Editor’s note: “Need to Know” is a series inspired by common forum questions and comments from readers. Have a comment or question about MS? Visit our forums. This week’s question is inspired by the forum topic “Do Noise and Crowds Tend to Negatively Affect You More with MS?” from November 15, 2018.
If you live in the U.S. or Canada, you probably celebrated Independence Day last week. And if you live with multiple sclerosis, you will know that the loud parties and popping fireworks are unsettling for more than just the local fire marshall.
These noisy, crowded celebrations leave pet owners and parents of small children ducking for cover — and people with MS are right behind them, with a “No, thank you” to invitations to municipal fireworks displays.
Why do we become sensitive to noise and crowds as a result of MS?
You can thank MS for ‘janky’ nerves
The outcome of demyelination is the deterioration of myelin, the coating of our nerves. If you have ever experienced an exposed nerve while visiting the dentist, then you know the painful, “janky” sensation of a nerve struck and vibrating like a plucked guitar string.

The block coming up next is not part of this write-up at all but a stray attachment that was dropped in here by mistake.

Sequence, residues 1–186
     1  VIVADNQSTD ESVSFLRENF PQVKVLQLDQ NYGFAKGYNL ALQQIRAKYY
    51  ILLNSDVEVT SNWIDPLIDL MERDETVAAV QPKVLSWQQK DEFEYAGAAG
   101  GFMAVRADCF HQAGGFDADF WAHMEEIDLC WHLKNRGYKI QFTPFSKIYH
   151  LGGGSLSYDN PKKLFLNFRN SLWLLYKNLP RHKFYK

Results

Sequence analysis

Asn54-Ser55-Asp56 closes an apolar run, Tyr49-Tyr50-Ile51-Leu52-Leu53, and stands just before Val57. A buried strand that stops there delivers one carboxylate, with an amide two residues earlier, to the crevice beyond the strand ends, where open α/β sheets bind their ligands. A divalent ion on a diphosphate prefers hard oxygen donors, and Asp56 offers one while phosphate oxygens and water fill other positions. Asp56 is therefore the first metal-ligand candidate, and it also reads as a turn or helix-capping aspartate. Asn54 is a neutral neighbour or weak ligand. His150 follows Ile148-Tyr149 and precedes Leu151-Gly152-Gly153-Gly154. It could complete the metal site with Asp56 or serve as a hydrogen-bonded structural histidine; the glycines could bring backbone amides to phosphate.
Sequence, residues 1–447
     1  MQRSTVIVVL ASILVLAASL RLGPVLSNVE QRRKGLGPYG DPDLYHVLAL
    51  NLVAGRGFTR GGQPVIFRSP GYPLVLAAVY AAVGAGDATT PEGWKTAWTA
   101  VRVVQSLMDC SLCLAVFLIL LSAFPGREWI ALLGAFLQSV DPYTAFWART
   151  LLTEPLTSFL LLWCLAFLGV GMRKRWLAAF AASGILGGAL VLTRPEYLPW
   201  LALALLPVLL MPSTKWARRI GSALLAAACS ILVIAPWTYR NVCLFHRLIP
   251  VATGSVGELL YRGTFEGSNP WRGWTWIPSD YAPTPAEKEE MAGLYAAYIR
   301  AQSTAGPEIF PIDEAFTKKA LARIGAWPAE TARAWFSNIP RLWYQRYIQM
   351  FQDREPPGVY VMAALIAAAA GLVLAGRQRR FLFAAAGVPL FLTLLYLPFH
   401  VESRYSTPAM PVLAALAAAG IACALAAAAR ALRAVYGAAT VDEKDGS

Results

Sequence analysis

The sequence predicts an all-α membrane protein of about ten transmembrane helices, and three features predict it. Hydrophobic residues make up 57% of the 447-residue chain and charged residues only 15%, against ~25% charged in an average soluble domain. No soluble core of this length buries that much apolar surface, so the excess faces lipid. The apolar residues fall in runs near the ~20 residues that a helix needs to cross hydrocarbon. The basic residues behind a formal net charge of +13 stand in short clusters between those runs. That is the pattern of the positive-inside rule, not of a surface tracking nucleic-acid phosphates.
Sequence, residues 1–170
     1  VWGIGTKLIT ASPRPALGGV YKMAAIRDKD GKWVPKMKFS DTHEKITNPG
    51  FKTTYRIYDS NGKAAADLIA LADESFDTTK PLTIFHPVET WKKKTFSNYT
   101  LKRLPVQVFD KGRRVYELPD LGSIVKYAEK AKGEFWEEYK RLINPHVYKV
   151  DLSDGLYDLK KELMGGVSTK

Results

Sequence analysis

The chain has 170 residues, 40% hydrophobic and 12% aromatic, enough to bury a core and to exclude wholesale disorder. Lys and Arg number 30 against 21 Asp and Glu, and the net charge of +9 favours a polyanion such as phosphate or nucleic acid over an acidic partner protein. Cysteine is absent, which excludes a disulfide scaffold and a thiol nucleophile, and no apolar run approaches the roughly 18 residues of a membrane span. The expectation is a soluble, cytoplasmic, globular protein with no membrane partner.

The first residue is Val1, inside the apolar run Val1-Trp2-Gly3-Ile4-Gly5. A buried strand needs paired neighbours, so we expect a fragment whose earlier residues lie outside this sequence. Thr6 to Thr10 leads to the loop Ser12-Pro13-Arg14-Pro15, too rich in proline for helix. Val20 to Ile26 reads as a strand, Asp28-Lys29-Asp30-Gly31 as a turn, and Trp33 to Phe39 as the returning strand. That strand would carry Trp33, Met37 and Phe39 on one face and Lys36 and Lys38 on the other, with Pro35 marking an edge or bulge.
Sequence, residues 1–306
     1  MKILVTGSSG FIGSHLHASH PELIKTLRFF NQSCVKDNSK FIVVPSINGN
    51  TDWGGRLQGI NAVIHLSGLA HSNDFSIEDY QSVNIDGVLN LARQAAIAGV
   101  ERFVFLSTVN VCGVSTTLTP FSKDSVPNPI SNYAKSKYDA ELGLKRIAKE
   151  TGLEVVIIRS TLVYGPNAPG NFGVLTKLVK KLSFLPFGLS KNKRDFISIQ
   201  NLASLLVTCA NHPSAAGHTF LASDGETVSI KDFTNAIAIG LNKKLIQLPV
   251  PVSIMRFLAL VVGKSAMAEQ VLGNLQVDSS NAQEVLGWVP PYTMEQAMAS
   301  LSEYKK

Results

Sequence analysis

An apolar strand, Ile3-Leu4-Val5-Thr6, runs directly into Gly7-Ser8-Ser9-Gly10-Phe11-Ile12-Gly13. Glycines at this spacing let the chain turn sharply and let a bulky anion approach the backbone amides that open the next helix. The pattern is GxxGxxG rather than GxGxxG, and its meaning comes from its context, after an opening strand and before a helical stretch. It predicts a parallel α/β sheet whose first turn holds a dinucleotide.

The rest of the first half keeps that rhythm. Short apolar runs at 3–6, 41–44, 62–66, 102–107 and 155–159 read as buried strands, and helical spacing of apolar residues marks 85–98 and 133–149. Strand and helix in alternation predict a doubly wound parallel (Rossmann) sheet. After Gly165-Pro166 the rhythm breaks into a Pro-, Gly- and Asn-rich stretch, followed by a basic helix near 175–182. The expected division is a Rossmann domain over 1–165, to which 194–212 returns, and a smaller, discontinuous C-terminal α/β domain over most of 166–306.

Even partial loss of the waxy coating results in amplification of sensations that are part of the signaling process. This explains why you may be jumpy when you hear sudden noises — you’re neurologically more sensitive to them.
There’s a band playing in your head
Hyperacusis is a potentially debilitating hearing disorder that can be caused by nerve damage to areas of the brain that process hearing, leading to a heightened sensitivity to ranges and frequencies of sounds. These painful sensations can be felt across the ears and face.
Tinnitus — or ringing of the ears — is often a companion to hyperacusis. The ringing can be a high-pitched background buzz or whine, or it can literally sound like you are in a belfry with the Hunchback of Notre Dame surrounded by pealing bells.
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